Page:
We all know that a college education is expensive these days — but if you expect to have two or even more children in college at the same time, “expensive” is an understatement.
Below are some tips to help reduce the stress that undoubtedly comes with thinking about how you’ll foot the bill.
First, start planning early to reduce your monthly or annual savings burden!
I can’t stress this tip enough, and here’s why: imagine that you have a 10-year-old child today, with no existing savings accrued for his or her education. You’ll need to save about $800 per month starting now until he or she graduates from college, in order to pay for tuition that currently costs $25,000 per year over four years (assuming 5-percent inflation and 6.5-percent total return on investment). However, if you started saving when your child was a newborn, the savings required would be closer to $500 per month. It’s easier said than done, of course, as having a baby is already costly, between medical bills, diapers, day care and other necessities.
Use the most optimal college savings vehicles to maximize your children’s financial-aid eligibility.
When calculating eligibility for financial aid, the government counts 20 percent of a student’s assets (cash, investments, business interests and real estate) as available resources to pay for college expenses; however, only 2.6-5.6 percent of a parent’s assets (cash, investments, certain business interests and real estate, based on a sliding income scale and after certain allowances) are included.1 This makes UGMA and UTMA accounts (custodial accounts for children) less attractive, since the government considers these vehicles to be part of a child’s assets.
Coverdell Education Savings Accounts (ESAs) and 529 plans are two of the most popular college savings vehicles. If a parent owns a 529 account or an ESA account, then up to 5.6 percent of the account’s value is counted toward his or her assets for financial-aid eligibility. On the other hand, if a grandparent or another third party owns the account, none of the value is included as an asset. However, withdrawals from 529 plans owned by someone other than the student or their parents are included as untaxed income for financial-aid eligibility in the year following the distribution. Either way, any withdrawals from 529 plans and ESAs that are used to pay for qualified education expenses are tax-free for federal income tax purposes, which makes these accounts attractive from a strategic savings perspective.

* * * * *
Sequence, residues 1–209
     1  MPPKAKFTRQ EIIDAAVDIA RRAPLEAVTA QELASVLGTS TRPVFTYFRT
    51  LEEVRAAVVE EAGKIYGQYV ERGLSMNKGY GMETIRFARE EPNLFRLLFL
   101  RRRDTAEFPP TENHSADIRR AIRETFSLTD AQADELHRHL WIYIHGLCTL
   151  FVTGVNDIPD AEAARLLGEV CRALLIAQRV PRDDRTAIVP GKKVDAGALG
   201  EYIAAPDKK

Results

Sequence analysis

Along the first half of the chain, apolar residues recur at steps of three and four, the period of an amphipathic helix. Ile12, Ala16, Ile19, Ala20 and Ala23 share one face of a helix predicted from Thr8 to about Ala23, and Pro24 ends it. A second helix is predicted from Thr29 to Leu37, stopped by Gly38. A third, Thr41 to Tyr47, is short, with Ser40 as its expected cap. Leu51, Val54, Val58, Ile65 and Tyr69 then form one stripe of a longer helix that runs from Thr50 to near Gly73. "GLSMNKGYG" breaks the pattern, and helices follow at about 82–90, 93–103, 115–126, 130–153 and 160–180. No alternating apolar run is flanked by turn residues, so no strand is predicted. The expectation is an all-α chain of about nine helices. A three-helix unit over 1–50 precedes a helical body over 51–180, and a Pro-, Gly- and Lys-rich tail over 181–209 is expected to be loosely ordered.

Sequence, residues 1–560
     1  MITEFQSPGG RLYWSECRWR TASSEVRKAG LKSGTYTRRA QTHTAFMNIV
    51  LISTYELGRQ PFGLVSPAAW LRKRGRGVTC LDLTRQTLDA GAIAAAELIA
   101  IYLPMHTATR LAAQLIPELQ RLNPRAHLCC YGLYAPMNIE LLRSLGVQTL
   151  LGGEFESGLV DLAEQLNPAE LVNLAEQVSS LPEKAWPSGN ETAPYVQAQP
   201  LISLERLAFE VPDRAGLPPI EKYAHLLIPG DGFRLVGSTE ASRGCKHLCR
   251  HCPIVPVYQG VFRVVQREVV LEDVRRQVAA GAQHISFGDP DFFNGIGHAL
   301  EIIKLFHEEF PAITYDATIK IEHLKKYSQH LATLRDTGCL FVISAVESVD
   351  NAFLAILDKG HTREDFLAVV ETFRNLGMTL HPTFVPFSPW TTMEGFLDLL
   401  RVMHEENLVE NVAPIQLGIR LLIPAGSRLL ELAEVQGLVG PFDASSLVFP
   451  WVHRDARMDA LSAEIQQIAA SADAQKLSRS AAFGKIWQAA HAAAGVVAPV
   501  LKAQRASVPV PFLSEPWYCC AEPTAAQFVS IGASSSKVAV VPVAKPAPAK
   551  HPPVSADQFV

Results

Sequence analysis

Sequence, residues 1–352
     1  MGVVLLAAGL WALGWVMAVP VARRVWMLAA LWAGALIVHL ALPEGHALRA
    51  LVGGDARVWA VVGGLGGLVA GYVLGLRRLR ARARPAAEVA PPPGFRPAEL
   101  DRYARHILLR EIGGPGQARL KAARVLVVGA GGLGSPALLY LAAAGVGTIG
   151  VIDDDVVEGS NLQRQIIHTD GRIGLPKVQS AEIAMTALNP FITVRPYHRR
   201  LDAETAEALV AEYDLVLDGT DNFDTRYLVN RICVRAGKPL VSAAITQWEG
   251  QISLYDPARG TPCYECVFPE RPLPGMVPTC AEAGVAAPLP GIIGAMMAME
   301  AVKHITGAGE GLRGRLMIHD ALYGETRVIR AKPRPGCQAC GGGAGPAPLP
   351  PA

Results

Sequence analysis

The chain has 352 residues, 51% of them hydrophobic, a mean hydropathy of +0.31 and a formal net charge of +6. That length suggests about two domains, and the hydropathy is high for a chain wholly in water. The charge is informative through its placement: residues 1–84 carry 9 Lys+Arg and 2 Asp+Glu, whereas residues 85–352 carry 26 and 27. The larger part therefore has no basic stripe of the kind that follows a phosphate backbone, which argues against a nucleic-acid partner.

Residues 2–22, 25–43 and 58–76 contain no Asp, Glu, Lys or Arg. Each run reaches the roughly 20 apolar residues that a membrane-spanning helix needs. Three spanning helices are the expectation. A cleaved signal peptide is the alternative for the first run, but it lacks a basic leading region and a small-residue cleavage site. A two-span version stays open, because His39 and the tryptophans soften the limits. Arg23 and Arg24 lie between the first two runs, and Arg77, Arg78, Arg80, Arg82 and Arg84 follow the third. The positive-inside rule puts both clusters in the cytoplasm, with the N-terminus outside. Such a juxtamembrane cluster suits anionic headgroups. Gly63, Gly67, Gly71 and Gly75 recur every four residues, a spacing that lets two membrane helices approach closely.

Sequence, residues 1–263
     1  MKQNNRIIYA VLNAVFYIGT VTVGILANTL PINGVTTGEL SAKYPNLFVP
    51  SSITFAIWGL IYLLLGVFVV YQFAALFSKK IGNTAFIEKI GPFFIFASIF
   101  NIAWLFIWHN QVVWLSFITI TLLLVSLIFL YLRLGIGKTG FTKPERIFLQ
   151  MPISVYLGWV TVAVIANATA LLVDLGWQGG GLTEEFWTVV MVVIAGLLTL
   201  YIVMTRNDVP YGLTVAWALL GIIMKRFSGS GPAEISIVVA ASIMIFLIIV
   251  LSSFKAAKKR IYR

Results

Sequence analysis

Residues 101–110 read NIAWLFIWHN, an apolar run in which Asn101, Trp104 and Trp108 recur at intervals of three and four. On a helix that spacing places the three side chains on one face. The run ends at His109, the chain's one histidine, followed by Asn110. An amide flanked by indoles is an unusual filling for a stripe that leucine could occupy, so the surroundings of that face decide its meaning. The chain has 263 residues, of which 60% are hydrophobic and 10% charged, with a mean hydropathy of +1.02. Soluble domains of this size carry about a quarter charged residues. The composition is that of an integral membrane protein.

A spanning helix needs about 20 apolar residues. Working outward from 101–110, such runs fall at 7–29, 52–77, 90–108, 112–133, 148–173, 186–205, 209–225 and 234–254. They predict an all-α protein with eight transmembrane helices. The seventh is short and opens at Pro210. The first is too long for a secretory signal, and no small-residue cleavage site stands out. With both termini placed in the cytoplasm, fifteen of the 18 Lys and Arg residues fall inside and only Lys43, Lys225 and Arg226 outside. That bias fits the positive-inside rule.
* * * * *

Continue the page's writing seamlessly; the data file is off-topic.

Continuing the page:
Don’t feel pressured to pay for 100 percent of your children’s college education.
Today’s news headlines are filled with stories about mounting student loan debt; however, this type of debt isn’t all bad. Sure, you don’t want your children to be set back financially for years after graduation, but having a modest amount of student loan debt has a few positives, too. While in college, your children have some “skin in the game” — for instance, if they decide to party more than study or drop out before earning a degree, part of it is on their dime. Your children might avoid engaging in potentially risky activities from the get-go, knowing that they’re responsible for their own debt. Also, student loan debt can help your children build their credit histories. When they graduate and start making payments, the debt will also help them learn a bit about budgeting, too.
Take the time to really explore all of the financial-aid options offered by your children’s top colleges or universities, and find out if they are eligible.
Many parents are shocked to find out that some private schools are actually more affordable than public schools when they factor in financial aid. According to the latest annual tuition-discounting study conducted by the National Association of College and University Business Officers (NACUBO), nearly 89 percent of students receive scholarships and/or grants from private colleges and universities.2
Most colleges and universities have net price calculators on their websites, which can help you determine the approximate amount of financial aid your children may qualify for, based on their situation. Some colleges’ online tools are better than others, but they are definitely worth checking out when selecting which school is right for your children.
In addition to schools’ net price calculators, you should also check out FAFSA4caster, which is a free calculator on the Federal Student Aid website. This tool can give you an early estimate of your children’s eligibility for student aid, which can be invaluable in helping you plan in advance for the cost of education. When the time comes to apply for aid for your children, be sure to fill out the Free Application for Federal Student Aid, commonly referred to as the “FAFSA form.” Last year, President Obama announced that starting with the 2017-2018 application cycle, students would be able to submit FAFSA forms as early as October 1, 2016 (rather than January 1, 2017).
The forms will also use income information from tax returns from a year earlier than what had been required in the past.3
Another provision you should keep in mind is the Expected Family Contribution (EFC), which represents the minimum amount that a college expects a family to pay for one year of college for one child. The good news is that your EFC will be greatly reduced if you have two or more children in college at the same time. Consider using The College Board’s EFC Calculator to explore more.
Finally, remember that you can only do so much — don’t jeopardize your own retirement to pay for your children’s college education.
Be sure to check out my article on this topic if you’d like more information. After all of the hard work you put into raising your children and putting them through college, you’ll be ready to enjoy your retirement!